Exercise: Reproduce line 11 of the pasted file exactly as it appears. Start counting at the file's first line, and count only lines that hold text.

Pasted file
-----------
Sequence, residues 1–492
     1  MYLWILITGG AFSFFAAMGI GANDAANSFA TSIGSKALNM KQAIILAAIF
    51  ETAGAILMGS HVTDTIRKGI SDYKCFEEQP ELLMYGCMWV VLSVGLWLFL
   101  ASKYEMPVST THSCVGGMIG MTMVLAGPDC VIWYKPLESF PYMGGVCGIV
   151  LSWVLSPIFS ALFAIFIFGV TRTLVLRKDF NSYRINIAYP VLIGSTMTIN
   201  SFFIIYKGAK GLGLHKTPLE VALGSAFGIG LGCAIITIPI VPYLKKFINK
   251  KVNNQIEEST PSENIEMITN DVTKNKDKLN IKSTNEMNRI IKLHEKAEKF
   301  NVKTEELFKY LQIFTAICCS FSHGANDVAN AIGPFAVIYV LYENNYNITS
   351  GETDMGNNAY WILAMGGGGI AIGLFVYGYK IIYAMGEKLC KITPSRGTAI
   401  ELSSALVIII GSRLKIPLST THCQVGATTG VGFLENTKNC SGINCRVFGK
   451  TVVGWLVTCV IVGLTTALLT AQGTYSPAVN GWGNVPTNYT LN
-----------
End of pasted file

   451  TVVGWLVTCV IVGLTTALLT AQGTYSPAVN GWGNVPTNYT LN